As we all begin to reintegrate ourselves into a semester of reading assignments, presentations and midterms, we will come to a sense of perspective about what we choose to take from such an endeavor. Whether we see it as an educational experience for which it was intended, i.e. an opportunity to grasp the challenges of peace-building, or whether we see it as small foothold in the greater picture of what professional direction we choose to follow, inevitably it will mean something to us all. And, only we can answer those questions. As for me, I have yet to devise a game plan for what parts of the trip I will use and what simply are. In my mind, I must truly understand, comprehend and evaluate the trip as a whole in order to understand what role it will play in my broader scope of professional existence. But, as I reflect and attempt to assess and evaluate such a daunting ideological stance, I am simply left with the idea that perhaps neither today nor next year will I truly comprehend the place this trip has for me.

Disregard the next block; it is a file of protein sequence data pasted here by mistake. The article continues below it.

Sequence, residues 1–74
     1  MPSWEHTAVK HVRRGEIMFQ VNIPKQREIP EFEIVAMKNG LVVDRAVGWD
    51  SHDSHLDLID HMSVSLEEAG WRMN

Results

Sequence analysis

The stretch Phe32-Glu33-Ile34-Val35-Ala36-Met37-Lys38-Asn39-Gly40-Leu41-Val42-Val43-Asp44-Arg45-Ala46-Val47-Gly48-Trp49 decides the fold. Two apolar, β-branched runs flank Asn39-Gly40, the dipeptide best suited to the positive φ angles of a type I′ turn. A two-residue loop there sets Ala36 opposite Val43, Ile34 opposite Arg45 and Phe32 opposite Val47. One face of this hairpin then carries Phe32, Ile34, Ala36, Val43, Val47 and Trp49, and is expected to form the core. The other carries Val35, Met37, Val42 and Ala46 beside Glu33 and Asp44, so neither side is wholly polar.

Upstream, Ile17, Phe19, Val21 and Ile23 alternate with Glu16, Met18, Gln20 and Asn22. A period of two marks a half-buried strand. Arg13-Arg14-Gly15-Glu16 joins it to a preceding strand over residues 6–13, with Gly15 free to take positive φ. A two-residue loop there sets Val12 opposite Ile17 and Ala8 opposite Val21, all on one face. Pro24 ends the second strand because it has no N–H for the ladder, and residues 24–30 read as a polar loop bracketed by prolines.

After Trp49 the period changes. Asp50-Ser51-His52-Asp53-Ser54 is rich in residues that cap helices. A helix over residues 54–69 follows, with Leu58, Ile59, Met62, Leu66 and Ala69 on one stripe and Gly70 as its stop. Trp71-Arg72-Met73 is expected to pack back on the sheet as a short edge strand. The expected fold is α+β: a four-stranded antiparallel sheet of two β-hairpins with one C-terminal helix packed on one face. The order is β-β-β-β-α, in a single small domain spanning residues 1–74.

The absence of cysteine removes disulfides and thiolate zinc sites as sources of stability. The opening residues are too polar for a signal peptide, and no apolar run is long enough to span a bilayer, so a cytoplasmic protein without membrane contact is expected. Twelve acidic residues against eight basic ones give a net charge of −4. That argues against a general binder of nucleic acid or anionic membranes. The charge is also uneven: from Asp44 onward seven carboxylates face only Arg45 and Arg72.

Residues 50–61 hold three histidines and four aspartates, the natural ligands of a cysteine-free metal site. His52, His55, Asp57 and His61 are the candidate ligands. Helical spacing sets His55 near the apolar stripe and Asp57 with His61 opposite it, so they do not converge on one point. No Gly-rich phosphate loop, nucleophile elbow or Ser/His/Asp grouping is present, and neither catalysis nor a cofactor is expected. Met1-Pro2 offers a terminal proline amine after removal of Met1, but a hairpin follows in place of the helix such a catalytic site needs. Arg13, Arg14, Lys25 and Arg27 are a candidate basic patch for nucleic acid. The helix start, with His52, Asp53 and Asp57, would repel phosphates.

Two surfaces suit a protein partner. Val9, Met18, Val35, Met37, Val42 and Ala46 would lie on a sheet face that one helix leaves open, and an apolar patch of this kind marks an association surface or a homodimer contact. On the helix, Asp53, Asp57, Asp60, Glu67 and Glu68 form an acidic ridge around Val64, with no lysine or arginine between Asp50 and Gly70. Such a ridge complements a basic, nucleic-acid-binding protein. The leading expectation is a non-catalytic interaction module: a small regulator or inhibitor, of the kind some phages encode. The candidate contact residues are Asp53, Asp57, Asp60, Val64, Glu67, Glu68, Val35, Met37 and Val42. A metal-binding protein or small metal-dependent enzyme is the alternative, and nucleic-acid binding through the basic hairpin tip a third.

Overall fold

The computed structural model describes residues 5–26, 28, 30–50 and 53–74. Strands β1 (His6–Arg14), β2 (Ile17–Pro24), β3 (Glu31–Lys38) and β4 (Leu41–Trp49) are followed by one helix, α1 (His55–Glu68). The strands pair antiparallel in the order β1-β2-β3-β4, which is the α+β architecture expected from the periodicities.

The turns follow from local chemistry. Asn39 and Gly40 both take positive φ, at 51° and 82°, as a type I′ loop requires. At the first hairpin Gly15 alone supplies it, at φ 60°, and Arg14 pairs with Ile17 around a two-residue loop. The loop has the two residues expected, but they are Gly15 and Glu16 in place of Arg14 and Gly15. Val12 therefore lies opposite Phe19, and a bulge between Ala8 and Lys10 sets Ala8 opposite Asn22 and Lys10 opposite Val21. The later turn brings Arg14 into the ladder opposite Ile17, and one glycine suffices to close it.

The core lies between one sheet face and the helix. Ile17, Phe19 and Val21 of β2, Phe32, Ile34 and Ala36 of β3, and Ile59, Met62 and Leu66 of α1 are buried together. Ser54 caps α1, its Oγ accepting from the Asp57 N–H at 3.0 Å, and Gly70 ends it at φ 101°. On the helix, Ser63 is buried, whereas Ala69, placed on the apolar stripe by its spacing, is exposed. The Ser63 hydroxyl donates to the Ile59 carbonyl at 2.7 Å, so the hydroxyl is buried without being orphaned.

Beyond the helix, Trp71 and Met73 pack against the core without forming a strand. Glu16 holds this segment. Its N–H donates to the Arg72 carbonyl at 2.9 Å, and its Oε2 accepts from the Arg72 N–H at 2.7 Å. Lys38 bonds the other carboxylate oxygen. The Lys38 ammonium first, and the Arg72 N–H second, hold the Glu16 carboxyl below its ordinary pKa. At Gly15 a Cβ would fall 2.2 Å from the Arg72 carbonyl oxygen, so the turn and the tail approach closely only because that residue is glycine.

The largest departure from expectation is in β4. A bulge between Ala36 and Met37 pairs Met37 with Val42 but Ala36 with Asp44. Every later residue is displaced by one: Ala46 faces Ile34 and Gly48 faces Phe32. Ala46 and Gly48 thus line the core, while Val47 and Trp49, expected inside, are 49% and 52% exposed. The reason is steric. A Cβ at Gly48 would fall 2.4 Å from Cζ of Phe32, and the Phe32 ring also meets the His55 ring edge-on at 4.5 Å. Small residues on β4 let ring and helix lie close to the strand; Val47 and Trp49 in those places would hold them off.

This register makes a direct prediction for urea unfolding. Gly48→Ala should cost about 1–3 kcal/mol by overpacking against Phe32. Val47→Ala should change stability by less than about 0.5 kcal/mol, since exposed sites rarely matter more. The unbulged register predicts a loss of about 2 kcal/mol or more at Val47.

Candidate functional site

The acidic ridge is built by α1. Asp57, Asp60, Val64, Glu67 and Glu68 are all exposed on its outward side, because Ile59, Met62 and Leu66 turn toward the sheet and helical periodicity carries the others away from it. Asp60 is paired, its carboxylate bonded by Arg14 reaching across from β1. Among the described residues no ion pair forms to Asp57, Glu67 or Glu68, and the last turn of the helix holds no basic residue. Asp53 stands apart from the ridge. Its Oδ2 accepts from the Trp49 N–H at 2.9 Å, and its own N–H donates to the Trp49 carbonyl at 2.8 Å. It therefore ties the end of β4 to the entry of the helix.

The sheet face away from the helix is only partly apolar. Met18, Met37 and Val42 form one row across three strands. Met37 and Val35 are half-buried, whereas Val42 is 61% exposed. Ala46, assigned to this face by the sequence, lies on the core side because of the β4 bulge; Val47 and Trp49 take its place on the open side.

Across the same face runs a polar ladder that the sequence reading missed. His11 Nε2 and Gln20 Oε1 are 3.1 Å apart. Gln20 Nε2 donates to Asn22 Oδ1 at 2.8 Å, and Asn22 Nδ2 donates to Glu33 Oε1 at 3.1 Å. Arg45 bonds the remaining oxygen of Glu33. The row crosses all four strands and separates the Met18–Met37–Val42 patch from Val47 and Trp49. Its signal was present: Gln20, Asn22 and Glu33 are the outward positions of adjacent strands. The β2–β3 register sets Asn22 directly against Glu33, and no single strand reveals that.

Ultimately, whether that message is vocalized or not, I have faith that in the most convenient of definitions and in the simplest and most influential manner possible, that the true vision I need and blueprint I hope to devise, will avail itself in either in collaboration or in competition with this trip. In the end, I hope to somehow and someway have a secure foothold, either with a pen or shovel in hand, or possibly alternating between the two, as a result of the days spent learning and listening to the voices and the echo’s of the Khmer people, evaluating and questioning those who choose to find a way to impact these lives, of walking away from the stale aroma of dried blood in S-21 and the killing fields, and for better or worse, day in and day out, of being reminded of how the other half of the world lives and in what capacity they are still able to find their smile and the personal fortitude to rebuild their lives.

Monday, February 2, 2009

Cambodia: A final reflection